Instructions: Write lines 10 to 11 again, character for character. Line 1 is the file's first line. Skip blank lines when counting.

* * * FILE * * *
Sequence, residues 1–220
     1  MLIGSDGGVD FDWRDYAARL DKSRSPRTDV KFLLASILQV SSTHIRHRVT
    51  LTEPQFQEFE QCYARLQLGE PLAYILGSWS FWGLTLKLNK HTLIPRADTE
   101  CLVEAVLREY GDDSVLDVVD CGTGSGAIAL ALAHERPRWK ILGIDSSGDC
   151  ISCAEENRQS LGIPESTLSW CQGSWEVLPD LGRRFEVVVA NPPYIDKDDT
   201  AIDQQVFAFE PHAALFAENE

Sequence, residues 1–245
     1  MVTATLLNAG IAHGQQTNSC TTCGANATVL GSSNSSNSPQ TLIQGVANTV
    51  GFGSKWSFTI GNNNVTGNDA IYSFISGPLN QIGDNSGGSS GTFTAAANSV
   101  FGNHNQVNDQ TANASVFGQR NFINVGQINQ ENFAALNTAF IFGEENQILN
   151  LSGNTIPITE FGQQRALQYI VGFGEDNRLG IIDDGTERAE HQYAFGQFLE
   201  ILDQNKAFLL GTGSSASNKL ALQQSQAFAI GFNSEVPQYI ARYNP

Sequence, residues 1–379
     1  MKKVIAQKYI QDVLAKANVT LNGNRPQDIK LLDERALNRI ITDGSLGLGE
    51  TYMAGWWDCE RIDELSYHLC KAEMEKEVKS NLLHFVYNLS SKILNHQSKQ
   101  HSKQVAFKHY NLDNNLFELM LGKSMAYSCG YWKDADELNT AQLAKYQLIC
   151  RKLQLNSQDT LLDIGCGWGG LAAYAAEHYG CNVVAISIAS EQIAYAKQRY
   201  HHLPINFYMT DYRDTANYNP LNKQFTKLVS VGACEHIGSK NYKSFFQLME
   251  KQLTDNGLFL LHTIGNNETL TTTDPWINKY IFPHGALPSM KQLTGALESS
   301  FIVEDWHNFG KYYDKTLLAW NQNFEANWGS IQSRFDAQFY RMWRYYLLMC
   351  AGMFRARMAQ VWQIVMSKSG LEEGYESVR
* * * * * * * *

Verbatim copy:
   101  FGNHNQVNDQ TANASVFGQR NFINVGQINQ ENFAALNTAF IFGEENQILN
   151  LSGNTIPITE FGQQRALQYI VGFGEDNRLG IIDDGTERAE HQYAFGQFLE